Swinton fined for mis-selling insurance add-onsAggressive sales tactics lead to £7.4 million fine

16 July 2013

Swinton fine

The Financial Conduct Authority (FCA) has fined the Swinton Group Limited £7.4 million for mis-selling monthly add-on insurance policies.

Insurance add-ons were mis-sold

The FCA found that Swinton’s aggressive sales strategy meant that it failed to treat customers fairly in its telephone sales of monthly add-on insurance policies which were sold alongside its car insurance and home insurance products.

Between April 2010 and April 2012, Swinton sold personal accident, home emergency and motor breakdown policies, which during the relevant period generated an income for accounting purposes of £92.9 million. 

The FCA found that Swinton did not provide enough information to customers about the key terms of the policies and also failed to properly monitor its sales calls.

Swinton set aside £11.2 million to repay those customers who were mis-sold, of which £1.9 million has already been paid out. 

Swinton has contacted over 650,000 customers it thinks may have been affected. Any policy holders who believe they bought monthly cover as a result of mis-selling have been advised to contact Swinton directly.

FCA says Swinton failed its customers

Responding to the £7.4 million fine handed down to Swinton Group Ltd, Which? executive director, Richard Lloyd, said: 'It's good to see the FCA handing out a hefty fine, which sends a very clear message to the insurance industry that mis-selling won't be tolerated.

'As part of its review of the insurance industry the FCA should scrutinise how sales incentives are offered to staff in-store and how online marketing and product information is presented to customers.'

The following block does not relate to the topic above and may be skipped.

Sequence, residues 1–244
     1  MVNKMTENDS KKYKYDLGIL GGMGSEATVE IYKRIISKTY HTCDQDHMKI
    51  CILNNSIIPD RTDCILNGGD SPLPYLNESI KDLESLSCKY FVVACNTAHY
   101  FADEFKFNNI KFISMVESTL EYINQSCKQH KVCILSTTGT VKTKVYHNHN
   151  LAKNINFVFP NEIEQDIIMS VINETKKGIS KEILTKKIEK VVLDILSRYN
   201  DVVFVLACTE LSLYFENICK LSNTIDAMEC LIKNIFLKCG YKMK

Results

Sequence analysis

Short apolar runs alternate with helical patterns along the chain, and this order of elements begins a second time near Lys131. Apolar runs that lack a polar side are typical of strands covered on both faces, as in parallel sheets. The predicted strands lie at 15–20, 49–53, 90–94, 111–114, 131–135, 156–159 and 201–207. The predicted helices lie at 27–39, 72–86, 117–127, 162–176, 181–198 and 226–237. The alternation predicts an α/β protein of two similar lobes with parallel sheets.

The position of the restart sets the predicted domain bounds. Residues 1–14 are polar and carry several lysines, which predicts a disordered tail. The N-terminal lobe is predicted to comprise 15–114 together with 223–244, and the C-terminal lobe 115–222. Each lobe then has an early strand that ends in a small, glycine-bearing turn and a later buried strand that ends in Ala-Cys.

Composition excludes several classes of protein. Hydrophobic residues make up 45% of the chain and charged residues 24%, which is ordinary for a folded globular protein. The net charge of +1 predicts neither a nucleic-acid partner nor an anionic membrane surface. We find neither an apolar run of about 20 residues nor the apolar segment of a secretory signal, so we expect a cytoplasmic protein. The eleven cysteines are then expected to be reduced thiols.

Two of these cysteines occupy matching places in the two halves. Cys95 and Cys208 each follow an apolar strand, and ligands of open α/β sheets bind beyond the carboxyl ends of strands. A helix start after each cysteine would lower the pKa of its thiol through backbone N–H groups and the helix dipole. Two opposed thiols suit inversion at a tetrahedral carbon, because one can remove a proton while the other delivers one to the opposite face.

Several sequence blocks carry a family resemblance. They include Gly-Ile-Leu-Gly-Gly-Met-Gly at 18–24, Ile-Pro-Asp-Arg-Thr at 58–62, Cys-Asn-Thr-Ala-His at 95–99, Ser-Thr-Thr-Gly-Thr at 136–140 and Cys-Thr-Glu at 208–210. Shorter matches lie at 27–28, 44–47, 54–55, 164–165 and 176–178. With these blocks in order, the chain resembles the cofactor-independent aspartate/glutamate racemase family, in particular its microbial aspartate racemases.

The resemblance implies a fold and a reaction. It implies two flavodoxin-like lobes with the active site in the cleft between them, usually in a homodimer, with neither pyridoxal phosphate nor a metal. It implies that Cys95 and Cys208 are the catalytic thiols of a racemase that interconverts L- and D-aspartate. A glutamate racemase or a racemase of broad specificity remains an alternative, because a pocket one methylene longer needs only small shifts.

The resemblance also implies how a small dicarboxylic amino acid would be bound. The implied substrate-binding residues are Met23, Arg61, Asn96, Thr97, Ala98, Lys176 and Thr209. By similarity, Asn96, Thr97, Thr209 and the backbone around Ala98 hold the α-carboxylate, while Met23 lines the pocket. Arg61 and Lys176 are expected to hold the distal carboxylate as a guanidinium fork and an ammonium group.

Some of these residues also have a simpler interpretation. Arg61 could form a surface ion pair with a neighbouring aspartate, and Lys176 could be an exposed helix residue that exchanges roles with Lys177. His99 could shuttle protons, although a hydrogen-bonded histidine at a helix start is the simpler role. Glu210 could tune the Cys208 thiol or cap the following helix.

Tracey McDermott, the FCA’s director of enforcement and financial crime, said: 'Swinton failed its customers. When selling monthly add-on policies, Swinton did not place the consumer at the heart of its business. Instead it prioritised profit.

'At the FCA we have been clear in our expectation that firms must behave in the interests of consumers. Today’s outcome shows our approach in action and will act as a deterrent for other firms tempted to put profit figures above the fair treatment of customers.'

Martin Wheatley, FCA chief executive added: 'I recently told the insurance industry that we were taking a strong interest in the area of add-ons, and our first competition study will take a far-sighted view of the impact of current practice on consumers in this market.'

Market review launched by FCA

The FCA market study will look at the nature of competition in these markets, in particular whether these insurance add-on products represent good value for money and whether consumers understand what they are getting with their policy.

The general insurance add-ons study will look specifically at GAP insurance, home emergency cover, gadget, travel and personal accident insurance, and accident cash plans. Companies and interested parties have until early September to submit views and evidence.

More on this...